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I'm trying to find a better way of processing a sequence of numbers based on the following requirement: the value of sequence[i] is the sum of its own value plus the accumulation from sequence[0] to sequence[i-1].

For example: if the sequence is a list

List<double> list = new List<double> { 10.0, 20.0, 30.0, 40.0 };

the output result should be

list[0] = 10.0
list[1] = 20.0 + 10.0
list[2] = 30.0 + 10.0 + 20.0
list[3] = 40.0 + 10.0 + 20.0 + 30.0

I know the brute force way which uses multiple iterations, but I wonder there must be some better solution (maybe with LINQ).

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1  
I'm not sure I understand your brute force way... newList[0]=List[0]; for (i = 1 to n) {newList[i] = List[i]+newList[i-1];} seems like the obvious brute force method to me and doesn't use multiple iterations... –  Chris Feb 1 '12 at 17:13

5 Answers 5

Use the relatively-unknown overload of Select that lets you see the index:

var result = list.Select((val, index) => list.Take(index + 1).Sum())
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Will this not use multiple iterations though? it iterates over the list for the select and then iterates over it again while doing the sum... –  Chris Feb 1 '12 at 17:16
    
You're right...this would give a stupid O(n^2) running time. –  Joe Strommen Feb 1 '12 at 17:18

Assuming you have access to LINQ:

using System.Linq;

List<int> numbers = new List<int> {10, 20, 30, 40};
List<int> runningTotals = new List<int>(numbers.Count);

numbers.Aggregate(0, (sum, value) => {
    sum += value; 
    runningTotals.Add(sum); 
    return sum;
});
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This will perform better than Joe's answer. I would do this, or even better, use the supposedly brute-force technique! –  Meta-Knight Feb 1 '12 at 17:23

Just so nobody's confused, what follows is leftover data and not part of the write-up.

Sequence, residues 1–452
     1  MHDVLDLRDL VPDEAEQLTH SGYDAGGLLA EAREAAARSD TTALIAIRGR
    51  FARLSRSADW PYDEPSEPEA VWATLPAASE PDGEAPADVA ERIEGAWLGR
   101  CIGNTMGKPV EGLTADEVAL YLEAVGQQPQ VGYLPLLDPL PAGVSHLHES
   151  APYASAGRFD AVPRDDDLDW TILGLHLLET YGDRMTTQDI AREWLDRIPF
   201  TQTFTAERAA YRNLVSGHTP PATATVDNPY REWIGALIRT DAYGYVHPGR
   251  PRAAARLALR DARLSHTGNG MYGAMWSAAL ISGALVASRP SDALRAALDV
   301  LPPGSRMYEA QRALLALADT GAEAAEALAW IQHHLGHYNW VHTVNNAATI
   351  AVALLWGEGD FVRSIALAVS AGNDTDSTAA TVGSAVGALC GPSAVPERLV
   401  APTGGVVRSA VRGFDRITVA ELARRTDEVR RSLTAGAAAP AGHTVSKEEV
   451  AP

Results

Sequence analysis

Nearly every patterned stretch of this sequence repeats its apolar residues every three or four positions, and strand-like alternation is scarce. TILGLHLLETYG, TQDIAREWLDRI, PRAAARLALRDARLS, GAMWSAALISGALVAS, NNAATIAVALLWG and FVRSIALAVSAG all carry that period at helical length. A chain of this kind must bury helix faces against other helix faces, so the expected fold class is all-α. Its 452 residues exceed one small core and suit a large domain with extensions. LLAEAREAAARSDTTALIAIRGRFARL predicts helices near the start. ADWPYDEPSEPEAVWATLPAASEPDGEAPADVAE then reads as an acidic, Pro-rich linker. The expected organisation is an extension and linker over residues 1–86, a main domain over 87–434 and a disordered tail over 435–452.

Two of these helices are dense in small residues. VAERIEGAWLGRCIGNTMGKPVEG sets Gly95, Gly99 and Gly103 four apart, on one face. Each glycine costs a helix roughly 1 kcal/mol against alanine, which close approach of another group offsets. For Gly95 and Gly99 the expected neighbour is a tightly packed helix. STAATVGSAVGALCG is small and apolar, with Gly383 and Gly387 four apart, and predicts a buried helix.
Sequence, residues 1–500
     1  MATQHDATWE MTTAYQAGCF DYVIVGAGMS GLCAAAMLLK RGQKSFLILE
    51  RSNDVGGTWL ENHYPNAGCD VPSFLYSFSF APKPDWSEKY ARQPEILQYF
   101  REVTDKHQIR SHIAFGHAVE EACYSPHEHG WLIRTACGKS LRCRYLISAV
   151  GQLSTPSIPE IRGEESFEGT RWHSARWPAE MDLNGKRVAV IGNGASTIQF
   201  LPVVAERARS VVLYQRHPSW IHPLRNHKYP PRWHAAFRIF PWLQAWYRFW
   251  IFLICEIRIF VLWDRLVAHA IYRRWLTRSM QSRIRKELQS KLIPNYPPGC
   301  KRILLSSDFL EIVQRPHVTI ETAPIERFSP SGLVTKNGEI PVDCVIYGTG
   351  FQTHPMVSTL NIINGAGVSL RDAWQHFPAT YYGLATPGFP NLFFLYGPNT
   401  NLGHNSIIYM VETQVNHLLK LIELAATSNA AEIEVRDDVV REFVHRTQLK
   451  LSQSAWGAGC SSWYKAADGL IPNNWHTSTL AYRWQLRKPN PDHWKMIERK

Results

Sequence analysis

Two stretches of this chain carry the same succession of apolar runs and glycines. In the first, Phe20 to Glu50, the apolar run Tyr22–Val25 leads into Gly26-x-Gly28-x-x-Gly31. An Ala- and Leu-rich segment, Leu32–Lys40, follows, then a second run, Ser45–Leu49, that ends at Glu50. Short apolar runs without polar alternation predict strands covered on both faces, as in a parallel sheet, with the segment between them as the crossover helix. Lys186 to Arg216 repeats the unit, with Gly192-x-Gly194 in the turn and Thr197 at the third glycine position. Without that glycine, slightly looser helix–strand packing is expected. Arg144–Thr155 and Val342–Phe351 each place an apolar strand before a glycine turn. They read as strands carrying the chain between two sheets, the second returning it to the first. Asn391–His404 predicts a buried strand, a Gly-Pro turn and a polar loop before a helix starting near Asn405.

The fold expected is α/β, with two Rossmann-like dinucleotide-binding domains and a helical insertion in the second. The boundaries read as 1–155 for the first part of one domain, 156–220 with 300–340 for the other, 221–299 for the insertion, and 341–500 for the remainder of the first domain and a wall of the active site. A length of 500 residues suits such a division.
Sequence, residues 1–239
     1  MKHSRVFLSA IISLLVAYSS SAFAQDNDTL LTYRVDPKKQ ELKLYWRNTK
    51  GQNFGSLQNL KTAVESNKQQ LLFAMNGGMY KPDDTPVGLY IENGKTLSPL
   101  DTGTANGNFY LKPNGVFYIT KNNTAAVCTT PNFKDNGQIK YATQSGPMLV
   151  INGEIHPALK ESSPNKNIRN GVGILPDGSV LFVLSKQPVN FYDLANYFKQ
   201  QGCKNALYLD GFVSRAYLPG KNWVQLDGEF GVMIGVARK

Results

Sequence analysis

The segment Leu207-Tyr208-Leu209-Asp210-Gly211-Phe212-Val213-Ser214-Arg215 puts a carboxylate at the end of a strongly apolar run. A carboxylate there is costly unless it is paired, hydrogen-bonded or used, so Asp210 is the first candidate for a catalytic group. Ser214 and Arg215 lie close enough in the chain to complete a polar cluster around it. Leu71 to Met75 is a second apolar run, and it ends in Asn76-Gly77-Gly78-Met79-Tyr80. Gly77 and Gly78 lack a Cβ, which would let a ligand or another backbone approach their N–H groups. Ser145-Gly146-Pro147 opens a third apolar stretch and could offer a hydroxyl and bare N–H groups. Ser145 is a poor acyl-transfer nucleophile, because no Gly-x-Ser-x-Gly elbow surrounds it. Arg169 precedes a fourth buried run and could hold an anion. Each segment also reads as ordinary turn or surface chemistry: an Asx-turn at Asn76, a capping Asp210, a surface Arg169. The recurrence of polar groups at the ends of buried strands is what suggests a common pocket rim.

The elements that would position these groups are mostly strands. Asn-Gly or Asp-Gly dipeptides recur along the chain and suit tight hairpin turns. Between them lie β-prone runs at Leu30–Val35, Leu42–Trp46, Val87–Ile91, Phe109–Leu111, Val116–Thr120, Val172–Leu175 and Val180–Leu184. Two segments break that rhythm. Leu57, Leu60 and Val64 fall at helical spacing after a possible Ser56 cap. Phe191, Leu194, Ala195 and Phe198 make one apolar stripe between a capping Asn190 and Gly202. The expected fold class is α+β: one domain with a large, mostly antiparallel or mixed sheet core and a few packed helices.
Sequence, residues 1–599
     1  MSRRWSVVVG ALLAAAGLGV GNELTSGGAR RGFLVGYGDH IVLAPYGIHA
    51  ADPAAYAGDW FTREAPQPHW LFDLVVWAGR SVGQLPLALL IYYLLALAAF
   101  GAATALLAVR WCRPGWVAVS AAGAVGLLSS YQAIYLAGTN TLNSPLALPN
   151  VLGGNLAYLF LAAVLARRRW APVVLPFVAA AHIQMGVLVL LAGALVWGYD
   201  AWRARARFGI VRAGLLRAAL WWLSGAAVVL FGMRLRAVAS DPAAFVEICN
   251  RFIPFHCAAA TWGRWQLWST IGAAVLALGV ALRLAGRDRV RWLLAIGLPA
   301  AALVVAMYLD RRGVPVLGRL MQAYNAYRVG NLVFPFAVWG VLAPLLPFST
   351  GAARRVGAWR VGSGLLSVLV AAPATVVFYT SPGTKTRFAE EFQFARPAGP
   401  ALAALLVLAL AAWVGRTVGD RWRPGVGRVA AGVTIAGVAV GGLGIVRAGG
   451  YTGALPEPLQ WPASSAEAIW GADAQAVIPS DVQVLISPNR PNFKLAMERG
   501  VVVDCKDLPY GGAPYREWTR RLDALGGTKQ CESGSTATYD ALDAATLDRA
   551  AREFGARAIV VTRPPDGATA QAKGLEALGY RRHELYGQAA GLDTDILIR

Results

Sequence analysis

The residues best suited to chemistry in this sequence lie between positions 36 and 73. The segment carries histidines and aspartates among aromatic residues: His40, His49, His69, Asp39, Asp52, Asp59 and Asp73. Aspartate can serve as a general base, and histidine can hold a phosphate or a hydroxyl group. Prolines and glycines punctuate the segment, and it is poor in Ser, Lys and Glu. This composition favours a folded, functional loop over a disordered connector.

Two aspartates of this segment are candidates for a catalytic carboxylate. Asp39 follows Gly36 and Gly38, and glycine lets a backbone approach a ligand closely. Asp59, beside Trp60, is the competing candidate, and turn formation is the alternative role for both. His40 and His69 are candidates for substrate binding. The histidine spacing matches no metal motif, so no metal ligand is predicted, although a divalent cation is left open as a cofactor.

Yes indeed. This is the only one of the linq answers that only iterates over the list once I think... I'm not fond of the linq statement updating the runningTotals outside since they tend to have no side effects. I don't know if that is a best practice/good code thing or just personal preference though... –  Chris Feb 1 '12 at 17:33
1  
I wasn't a fan of the side effects myself. Probably would be better to have it do a yield return, since the sum is never used elsewhere. –  Chris Doggett Feb 1 '12 at 18:02

My version which is a modification of what I put in comments and returns an IEnumerable rather than a List but a ToList() will sort that out.

Should be pretty efficient. And who doesn't like using yield return? ;-)

public IEnumerable<double> GetCumulativeSequence (IEnumerable<double> input)
{
    var runningTotal = 0.0;
    foreach (double current in input)
    {
        runningTotal+=current;
        yield return runningTotal;
    }
}

void Main()
{
    List<double> list = new List<double> { 10.0, 20.0, 30.0, 40.0 };
    var foo = GetCumulativeSequence(list);
}

Main advantage of this is that it only does one loop over the input array. and if you don't actually use all of the stuff returned (ie you only look at the first three) then it won't calculate the rest. Potentially useful in longer lists, etc. The same will be said of things like Chris Doggett's answer but not all those here using linq.

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+1 for yield!!! –  Erik Philips Feb 1 '12 at 17:26
    
See? I knew people loved yield returning. ;-) –  Chris Feb 1 '12 at 17:28

A non-LINQ version, just to be different:

List<double> GetSums(List<double> values)
{
   List<double> sums = new List<double>();
   double total = 0;
   foreach(double d in values)
   {
      total += d;
      sums.Add(total);
   }
   return sums;
}
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There's a mistake in your code ;-) –  Meta-Knight Feb 1 '12 at 17:25
    
I should say so. Thanks. –  Esoteric Screen Name Feb 1 '12 at 17:27
double currentValue = 0;
var result = list.Select(value => { currentValue += value; return currentValue;});

Not side effect free but at least the items are processed only once.

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